Vancouver Entrepreneurs: Early Entrepreneurs

Dec 19 2017, 9:46 am

This is a startup I really wish was around when I was in elementary school. Entrepreneurship has caught on quite a bit the last decade and now, it’s starting as early as elementary school. Kim Cope from Early Entrepreneurs gives us some insight on their initiative and who’s jumped on board to support it.

1. Who are you? Tell us about your business and what inspired you to create it. 

My name is Kim Cope and I’m a recent UVic Commerce graduate. I started Early Entrepreneurs to educate elementary school students on the principles of entrepreneurship, financial literacy and global awareness. We provide classes with $100 of seed funding to create, launch, and operate their own business. Early Entrepreneurs encourages students to set a goal of $500 and donate their profits to our partner charity, Free The Children, to build schools in developing countries. Early Entrepreneurs recently launched its first promotional video on YouTube.

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The idea sparked while Taylor Conroy (Founder of Change Heroes, a company we interviewed in 2013) was testing out different fundraising platforms and discovered that kids actually make the best entrepreneurs. Following my passion for social entrepreneurship and eager to make a difference, I jumped on board to turn the idea of Early Entrepreneurs into an actual business.

2. Who else in the community has stepped in to support the cause and what is the end vision for everyone involved? 

Many local teachers from the greater Vancouver area, recent education grads of UVic, local entrepreneurs, and fellow social businesses have supported the initial growth of Early Entrepreneurs. The end vision is to expose students to the entrepreneurial world and introduce them to a new kind of business; a business that could solve problems around the globe, a new way of thinking that allows them to see they can make a difference and make the changes on a global scale from their classroom. Social entrepreneurship is crucial to the success and survival of our world and our goal is to develop and foster that mind set at an early age. Imagine if by the age of 13 a student could proudly say they’ve launched a successful number of ventures?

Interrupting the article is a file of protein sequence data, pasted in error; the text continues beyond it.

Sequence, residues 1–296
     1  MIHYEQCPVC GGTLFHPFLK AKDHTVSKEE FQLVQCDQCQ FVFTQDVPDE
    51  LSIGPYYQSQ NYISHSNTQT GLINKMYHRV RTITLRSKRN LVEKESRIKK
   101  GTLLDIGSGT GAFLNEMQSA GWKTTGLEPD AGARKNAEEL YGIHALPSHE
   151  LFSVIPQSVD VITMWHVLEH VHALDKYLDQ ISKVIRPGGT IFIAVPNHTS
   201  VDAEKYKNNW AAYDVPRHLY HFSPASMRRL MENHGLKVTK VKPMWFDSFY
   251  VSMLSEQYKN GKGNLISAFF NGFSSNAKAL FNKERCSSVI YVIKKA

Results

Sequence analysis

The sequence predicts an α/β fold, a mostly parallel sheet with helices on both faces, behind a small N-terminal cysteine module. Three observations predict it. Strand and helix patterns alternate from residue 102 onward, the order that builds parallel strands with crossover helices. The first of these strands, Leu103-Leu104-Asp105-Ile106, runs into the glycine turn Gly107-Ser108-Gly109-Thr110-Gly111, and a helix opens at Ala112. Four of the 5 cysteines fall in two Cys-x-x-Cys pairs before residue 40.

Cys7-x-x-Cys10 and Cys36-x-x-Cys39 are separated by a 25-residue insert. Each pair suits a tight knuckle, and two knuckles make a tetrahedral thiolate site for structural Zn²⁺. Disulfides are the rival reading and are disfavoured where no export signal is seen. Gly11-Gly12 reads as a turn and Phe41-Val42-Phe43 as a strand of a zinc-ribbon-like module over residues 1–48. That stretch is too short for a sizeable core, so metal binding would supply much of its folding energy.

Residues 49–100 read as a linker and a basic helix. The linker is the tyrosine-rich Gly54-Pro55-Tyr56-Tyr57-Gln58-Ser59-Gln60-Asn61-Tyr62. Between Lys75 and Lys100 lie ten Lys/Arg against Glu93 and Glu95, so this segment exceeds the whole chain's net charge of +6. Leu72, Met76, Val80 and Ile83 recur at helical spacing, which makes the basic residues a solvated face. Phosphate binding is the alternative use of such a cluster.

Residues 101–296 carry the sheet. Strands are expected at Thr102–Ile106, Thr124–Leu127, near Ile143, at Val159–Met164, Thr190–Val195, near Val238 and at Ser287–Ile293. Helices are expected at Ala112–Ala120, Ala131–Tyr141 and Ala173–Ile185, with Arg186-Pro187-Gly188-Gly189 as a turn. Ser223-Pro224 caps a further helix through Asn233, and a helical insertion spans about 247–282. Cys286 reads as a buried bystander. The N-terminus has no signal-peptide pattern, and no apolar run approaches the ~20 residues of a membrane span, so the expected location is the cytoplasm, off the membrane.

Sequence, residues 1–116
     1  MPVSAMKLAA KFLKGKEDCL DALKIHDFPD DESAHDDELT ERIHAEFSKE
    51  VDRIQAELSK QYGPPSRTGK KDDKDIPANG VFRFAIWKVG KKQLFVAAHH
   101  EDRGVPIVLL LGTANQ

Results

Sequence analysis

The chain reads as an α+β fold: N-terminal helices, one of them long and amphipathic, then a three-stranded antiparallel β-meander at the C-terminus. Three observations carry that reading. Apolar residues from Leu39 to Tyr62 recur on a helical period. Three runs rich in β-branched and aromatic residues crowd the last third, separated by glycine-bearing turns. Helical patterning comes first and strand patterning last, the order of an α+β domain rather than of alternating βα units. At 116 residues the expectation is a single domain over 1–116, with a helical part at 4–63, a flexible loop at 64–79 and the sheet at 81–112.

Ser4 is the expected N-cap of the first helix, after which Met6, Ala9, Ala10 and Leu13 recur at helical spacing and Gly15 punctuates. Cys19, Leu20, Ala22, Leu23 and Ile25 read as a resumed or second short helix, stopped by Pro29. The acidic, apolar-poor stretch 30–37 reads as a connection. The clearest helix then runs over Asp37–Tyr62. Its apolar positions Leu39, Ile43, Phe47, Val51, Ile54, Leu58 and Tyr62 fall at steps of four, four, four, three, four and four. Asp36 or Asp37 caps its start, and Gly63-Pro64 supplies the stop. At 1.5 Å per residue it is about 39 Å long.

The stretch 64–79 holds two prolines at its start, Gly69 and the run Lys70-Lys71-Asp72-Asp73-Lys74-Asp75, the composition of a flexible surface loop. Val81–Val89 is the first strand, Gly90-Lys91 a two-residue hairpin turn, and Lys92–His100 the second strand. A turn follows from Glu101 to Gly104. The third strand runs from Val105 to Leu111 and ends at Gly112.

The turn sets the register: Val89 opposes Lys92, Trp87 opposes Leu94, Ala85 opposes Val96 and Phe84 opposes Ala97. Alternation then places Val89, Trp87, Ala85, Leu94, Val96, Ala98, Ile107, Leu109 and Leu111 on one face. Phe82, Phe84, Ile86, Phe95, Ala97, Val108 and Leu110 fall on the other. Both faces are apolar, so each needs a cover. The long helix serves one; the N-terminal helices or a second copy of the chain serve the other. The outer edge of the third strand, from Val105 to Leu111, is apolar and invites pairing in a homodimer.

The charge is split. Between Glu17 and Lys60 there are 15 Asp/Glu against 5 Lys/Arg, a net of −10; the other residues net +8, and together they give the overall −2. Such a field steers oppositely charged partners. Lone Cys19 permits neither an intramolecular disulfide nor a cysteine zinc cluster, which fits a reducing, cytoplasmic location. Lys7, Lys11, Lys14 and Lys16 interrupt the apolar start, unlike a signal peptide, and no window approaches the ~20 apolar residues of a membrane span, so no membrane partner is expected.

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Our first step is to secure 50 classes to test our latest curriculum.  As we continue to improve and modify our program including the use of online resources, Early Entrepreneurs will be accessible to any classroom in BC by the end of this year.

3. How has Vancouver’s rising startup community played a role in the development of Early Entrepreneurs?

Vancouver is the perfect place for startups because you never know who you might just meet that will change the next phase of your business. There are great entrepreneur Meetups, women in business groups, and there is a rising community for socially driven businesses, which has greatly helped to shape the idea of Early Entrepreneurs into a scalable model.

4. What core problem is your company specifically solving and/or what’s the main value you provide?

As Nelson Mandela once said, “Education is the most powerful weapon which you can use to change the world.” With Early Entrepreneurs we’re empowering students to harness their creativity, develop entrepreneurial ways of thinking, enhance their skill set and learn they have the potential and ability to make a difference in the world, to lead and make the changes they believe are needed.